Still others, being commercially available today, need to be tested before being installed in instruments.

To test detector technologies in all three stages of development, neutron sources for controlled irradiation are needed.
Such sources of neutrons include accelerators, nuclear reactors and radioactive sources.
Neutrons produced in nuclear reactors and at accelerators have a very high cost-of-entry and a very high cost-per-neutron.
In contrast, radioactive sources produce neutrons at a significantly lower cost-per-neutron and with a substantially lower cost-of-entry.
The Source Testing Facility (STF) has been established in Lund to provide a source-based irradiation facility to academic users and industry.

In this work, the development of a fast-neutron test bed, the core component of the STF, is presented.
The neutron-irradiation techniques subsequently discussed are based on well-understood nuclear-physics methods.
In particular, the “neutron tagging” technique is employed to measure neutron energy by time-of-flight.
Time-of-flight is simply the elapsed time between neutron emission from a source and neutron detection at a well-defined distance from the source.
This technique is used to establish energy-dependent neutron-response functions of detectors.
To improve the resolution of the measurements, particle identification methods such as pulse-height and pulse-shape discrimination are employed.
This is possible because the signals produced by many detectors differ in amplitude or shape for different incident radiations.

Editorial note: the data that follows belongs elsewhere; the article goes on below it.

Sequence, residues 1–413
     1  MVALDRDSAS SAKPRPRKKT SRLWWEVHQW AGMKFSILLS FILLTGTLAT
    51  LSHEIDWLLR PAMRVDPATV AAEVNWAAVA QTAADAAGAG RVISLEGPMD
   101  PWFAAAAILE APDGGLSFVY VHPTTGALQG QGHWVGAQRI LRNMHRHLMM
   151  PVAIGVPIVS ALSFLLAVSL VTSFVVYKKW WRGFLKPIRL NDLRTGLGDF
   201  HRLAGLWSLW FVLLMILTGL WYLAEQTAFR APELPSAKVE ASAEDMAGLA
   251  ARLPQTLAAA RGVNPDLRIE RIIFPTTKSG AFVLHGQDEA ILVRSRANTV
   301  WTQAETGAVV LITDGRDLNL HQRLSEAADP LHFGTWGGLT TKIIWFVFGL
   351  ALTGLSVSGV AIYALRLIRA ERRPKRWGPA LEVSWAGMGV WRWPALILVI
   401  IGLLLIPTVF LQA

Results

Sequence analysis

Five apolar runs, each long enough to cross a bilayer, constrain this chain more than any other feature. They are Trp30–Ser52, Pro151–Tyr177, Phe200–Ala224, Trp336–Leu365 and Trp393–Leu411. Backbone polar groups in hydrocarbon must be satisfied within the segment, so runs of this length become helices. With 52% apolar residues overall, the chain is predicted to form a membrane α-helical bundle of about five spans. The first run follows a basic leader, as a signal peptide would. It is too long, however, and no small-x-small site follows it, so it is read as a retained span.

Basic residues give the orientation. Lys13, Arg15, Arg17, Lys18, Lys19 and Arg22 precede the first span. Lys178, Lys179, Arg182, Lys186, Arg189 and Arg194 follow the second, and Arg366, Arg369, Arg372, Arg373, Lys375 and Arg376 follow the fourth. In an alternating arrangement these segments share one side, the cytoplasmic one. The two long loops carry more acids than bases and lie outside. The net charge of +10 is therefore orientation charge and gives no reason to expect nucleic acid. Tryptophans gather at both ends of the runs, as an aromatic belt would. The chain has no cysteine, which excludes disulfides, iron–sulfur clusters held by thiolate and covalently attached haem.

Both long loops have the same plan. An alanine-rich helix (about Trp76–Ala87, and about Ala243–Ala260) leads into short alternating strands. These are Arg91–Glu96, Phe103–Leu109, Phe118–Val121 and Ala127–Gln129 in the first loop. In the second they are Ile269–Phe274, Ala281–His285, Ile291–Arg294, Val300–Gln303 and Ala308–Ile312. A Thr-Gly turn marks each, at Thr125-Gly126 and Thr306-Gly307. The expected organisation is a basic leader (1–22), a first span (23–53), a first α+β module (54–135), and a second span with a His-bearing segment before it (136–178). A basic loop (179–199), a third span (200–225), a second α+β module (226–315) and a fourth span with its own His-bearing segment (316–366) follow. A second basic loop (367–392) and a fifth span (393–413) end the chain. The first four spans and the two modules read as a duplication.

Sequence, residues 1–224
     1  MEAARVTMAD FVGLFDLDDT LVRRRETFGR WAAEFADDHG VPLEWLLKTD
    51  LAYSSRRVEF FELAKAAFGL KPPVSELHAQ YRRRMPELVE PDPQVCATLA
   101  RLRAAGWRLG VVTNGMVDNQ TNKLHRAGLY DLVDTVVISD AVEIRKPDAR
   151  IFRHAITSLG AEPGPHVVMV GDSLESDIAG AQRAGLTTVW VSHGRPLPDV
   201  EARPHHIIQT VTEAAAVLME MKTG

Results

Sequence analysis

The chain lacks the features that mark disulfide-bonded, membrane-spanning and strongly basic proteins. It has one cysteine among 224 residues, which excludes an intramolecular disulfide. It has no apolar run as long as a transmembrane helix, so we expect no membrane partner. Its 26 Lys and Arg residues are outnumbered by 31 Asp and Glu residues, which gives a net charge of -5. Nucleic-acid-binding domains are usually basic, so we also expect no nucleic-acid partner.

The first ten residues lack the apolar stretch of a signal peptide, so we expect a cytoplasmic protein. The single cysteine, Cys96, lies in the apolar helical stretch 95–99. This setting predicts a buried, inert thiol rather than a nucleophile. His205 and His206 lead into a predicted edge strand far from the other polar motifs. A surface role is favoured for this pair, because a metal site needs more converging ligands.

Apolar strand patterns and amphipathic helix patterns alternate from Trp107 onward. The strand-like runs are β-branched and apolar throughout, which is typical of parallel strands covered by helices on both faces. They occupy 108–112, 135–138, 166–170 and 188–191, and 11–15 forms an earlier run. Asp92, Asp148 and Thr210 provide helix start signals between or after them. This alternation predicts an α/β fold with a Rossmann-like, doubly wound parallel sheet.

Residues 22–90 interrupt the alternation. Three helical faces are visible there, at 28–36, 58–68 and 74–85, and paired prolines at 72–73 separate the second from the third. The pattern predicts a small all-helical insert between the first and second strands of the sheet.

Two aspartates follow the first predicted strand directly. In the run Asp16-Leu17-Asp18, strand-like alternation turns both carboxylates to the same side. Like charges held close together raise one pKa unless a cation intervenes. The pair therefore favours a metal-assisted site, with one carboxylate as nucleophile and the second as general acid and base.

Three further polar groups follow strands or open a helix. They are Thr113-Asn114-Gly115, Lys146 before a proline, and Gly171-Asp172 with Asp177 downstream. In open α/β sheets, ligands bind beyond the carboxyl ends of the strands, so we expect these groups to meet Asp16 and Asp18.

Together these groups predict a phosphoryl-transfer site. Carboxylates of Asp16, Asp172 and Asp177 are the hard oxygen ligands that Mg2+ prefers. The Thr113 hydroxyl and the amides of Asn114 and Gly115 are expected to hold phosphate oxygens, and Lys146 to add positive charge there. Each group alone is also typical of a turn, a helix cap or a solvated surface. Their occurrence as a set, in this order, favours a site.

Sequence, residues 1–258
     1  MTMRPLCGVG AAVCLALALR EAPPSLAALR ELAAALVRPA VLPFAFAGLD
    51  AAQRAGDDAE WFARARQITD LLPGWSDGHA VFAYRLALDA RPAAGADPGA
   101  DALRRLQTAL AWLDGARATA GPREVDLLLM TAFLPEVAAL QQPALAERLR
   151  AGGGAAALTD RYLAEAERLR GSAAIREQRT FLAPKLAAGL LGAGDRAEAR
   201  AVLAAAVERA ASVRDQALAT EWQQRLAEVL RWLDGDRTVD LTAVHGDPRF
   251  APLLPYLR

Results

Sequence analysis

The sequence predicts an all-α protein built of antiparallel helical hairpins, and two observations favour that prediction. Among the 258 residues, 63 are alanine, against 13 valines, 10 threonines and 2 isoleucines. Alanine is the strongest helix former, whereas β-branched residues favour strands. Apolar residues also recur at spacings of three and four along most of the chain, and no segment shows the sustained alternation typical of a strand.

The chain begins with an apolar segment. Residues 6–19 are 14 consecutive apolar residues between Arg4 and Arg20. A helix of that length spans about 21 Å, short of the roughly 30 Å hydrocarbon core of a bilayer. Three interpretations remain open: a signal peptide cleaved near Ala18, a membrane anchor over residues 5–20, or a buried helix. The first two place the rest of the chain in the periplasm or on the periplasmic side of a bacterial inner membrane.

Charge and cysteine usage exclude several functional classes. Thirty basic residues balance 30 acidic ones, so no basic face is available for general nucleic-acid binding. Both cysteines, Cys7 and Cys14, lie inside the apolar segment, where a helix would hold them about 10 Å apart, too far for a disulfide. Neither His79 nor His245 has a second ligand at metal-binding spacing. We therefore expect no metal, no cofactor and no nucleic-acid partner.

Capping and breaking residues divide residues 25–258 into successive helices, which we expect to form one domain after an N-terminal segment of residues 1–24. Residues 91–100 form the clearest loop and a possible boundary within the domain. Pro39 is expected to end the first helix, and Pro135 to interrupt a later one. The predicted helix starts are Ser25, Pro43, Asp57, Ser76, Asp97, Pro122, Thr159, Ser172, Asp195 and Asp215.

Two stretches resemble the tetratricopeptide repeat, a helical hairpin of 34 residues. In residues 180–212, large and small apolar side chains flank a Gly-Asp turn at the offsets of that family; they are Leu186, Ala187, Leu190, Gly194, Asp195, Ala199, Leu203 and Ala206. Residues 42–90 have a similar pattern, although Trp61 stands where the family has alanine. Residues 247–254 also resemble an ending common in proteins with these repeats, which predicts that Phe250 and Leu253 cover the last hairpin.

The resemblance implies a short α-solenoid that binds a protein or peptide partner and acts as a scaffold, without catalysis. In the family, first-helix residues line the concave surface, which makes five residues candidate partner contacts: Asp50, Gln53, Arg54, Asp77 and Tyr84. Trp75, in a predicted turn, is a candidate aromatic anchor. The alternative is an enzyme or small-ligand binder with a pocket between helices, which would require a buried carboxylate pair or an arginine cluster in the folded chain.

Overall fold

This thesis presents an overview of the results of a successful, inaugural collaboration between the Division of Nuclear Physics at Lund University and the Detector Group of the European Spallation Source ERIC. (Less)
Abstract
The He-3 “crisis” has become a fact in the last decade and large scale neutron detectors based on He-3 technologies have become unaffordable. This new He-3 reality has resulted in a major effort worldwide to develop replacement neutron-detector technologies. Many of these technologies are in their infancy and need to be thoroughly tested before becoming mainstream, while others are approaching commercialization and need to be certified. Still others which are commercially available today need to be tested before being installed in, for example, the instruments at the European Spallation Source ERIC. Detector technologies in all three stages of development need neutrons for controlled irradiations. Sources of neutrons for controlled... (More)